U.S. Is Examining Government Contracts Meant for Small Firms

Times Staff Writer

Responding to a request from Sen. Barbara Boxer (D-Calif.), the Justice Department is examining whether large companies are improperly obtaining government contracts that are supposed to be set aside for small businesses.

After receiving a letter in late September from Boxer, the U.S. attorney’s office in Washington assigned a lawyer to determine whether a formal investigation is warranted.

“In some matters, we decide right off the bat that this is not something that falls into our purview,” said Channing Phillips, a spokesman for the U.S. attorney’s office. “The fact that it’s been assigned should suggest that it’s more than just a cursory review.”


Boxer sent her letter after hearing concerns raised by a small-business advocate who heads a computer resellers group.

“With small businesses in California facing a difficult business environment, it is important that government contracts set aside for small businesses be made available to small businesses,” said Boxer in the letter. She asked the U.S. attorney’s office to determine whether “certain companies have falsely claimed to qualify as small businesses and won government contracts in violation of law.”

Under federal law, a firm can face “severe criminal penalties for knowingly misrepresenting” small-business status in connection with procurement programs, an SBA attorney said.

Small businesses have long complained that loopholes in federal law, sloppy government record keeping and, in some cases, outright fraud result in large corporations getting millions of dollars in federal contracts that Congress meant to go to small businesses.

Updating the Small Business Act, Congress in 1997 decided that federal agencies should strive to spend at least 23% of all federal procurement dollars with small businesses. But large firms often find ways to qualify for those set-asides.

By most any yardstick, Buhrmann Co. would count as a large company. One of the world’s leading suppliers of office products, the Amsterdam-based corporation employs 26,000 people in 28 countries and had 2001 revenue of about $10 billion.


Yet in the eyes of the U.S. government, Buhrmann subsidiary ASAP Software can declare itself a small business and win federal contracts accordingly.

“Our employee count is what qualifies us” as a small business, said Harry Zoberman, senior vice president of operations and marketing ASAP Software. The Buffalo Grove, Ill., unit of Buhrmann has 300 employees in the U.S. and an additional 200 workers around the world.

Though the rules can vary, many government contracts consider a company with 500 or fewer employees to be small.

Another company, GovConnection Inc., is listed on a federal database of small companies even though it is a subsidiary of Merrimack, N.H.-based PC Connection Inc.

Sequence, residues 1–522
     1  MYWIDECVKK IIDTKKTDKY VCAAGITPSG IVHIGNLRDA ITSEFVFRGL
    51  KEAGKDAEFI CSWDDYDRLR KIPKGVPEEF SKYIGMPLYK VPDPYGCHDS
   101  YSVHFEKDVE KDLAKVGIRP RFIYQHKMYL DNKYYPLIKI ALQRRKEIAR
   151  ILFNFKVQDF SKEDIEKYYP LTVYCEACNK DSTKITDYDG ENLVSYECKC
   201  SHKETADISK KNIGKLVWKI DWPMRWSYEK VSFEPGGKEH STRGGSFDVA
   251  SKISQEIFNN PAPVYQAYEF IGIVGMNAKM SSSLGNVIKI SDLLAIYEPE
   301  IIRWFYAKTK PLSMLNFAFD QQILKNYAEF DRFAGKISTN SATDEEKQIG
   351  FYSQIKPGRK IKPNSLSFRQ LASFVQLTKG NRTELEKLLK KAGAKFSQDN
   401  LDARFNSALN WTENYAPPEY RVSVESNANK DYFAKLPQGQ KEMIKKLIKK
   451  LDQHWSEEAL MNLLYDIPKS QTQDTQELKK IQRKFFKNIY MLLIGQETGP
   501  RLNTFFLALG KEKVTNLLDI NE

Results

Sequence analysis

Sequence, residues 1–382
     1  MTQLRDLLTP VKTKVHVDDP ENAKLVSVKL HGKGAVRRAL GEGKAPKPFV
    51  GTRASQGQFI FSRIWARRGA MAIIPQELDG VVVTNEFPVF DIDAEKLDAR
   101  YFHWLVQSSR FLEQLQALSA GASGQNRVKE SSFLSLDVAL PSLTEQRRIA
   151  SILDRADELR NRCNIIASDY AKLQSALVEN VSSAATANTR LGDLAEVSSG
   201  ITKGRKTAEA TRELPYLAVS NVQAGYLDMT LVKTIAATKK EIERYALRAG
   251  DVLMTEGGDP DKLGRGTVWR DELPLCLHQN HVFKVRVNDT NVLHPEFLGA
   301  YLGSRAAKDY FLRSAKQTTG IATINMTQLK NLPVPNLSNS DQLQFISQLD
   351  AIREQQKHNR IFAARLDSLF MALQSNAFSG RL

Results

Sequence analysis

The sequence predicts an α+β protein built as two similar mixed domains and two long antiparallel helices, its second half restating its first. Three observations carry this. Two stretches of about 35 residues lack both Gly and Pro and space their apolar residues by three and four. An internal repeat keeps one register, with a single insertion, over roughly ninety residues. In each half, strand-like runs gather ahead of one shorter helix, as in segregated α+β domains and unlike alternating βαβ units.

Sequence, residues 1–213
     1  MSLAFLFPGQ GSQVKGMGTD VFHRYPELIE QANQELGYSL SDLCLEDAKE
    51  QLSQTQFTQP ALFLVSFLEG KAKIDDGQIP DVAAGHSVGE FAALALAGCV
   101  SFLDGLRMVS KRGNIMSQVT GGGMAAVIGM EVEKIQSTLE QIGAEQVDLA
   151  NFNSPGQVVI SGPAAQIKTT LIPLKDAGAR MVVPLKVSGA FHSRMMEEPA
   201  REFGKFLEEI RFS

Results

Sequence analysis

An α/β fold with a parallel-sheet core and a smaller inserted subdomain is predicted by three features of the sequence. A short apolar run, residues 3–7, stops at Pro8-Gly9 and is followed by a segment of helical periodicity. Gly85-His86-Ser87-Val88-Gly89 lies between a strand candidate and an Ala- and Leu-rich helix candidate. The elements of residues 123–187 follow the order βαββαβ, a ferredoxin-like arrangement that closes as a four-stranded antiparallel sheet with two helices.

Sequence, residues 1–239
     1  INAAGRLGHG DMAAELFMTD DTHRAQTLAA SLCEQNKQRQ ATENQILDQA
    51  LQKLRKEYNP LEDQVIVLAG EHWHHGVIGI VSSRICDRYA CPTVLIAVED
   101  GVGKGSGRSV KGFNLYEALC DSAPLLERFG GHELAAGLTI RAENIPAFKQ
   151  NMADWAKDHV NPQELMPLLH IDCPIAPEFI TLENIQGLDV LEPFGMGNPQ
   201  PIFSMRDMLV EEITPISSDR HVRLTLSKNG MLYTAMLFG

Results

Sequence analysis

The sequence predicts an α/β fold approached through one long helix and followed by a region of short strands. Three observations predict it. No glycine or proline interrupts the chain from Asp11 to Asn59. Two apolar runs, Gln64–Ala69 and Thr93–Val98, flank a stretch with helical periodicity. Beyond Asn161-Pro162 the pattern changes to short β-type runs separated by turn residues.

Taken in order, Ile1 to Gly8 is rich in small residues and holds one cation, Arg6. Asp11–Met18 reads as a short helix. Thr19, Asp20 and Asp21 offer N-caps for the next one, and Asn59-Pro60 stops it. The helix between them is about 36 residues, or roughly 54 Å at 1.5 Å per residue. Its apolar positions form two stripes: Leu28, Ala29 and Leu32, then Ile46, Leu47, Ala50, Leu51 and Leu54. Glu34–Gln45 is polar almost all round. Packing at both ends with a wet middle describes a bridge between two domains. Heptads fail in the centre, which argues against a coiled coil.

GovConnection has about 180 employees. But its parent is a holding company with more than 1,300 employees and $1.18 billion in 2001 sales. Nearly $170 million came from federal contracts to GovConnection, the company said.

The Small Business Administration, which determines whether a business is small, sent a letter in July 2001 to PC Connection, saying the company and its wholly owned subsidiary, GovConnection, were too big to be included in the agency’s database of small businesses seeking federal contracts.


But as of last week, GovConnection still was listed in the SBA database as a small firm. Gary Sorkin, president of GovConnection, said he did not know why the SBA listing was still there.

The firm also retains its “small” status with the federal General Services Administration, which acts as a centralized government purchasing organization.

Under GSA rules, a firm awarded a government contract when it is small can retain that status for the life of the accord, no matter how large the company grows in the meantime.

Lloyd Chapman, who heads the Micro Computer Industry Suppliers Assn., the trade group that alerted Boxer to the issue, says the situation is absurd.

“I can’t think of anything that’s more unfair than forcing legitimate small business to compete with some of the largest companies in the world,” said Chapman, who added that his employer, a Novato, Calif.-based computer reseller, recently lost a $50,000-contract to GovConnection. “You’re cheating the legitimate small businesses out of the opportunity that Congress meant for them to have.”

In response to critics, the GSA plans to require firms to recertify that they are still small when their contracts come up for renewal, which at the most is every five years. Failure to do so could lead to exclusion from federal contracting, according to Boyd Rutherford, the GSA’s associate administrator for the office of enterprise development.


Rutherford said the Office of Management and Budget is looking at enacting similar changes for all federal agencies.

“When a lot of these programs were set up, they did not envision some of the long-term contracts that we have now,” he said.

Even with the increased government scrutiny of the problem, Chapman is skeptical that any substantive change will come soon. He has been trying to prompt reforms, he said, for 17 years.

“It’s heartbreaking to watch a legitimate small business go down the tubes trying to compete against these international companies and these Fortune 500 companies,” Chapman said. “This is not sour grapes. This is a system that needs to be changed.”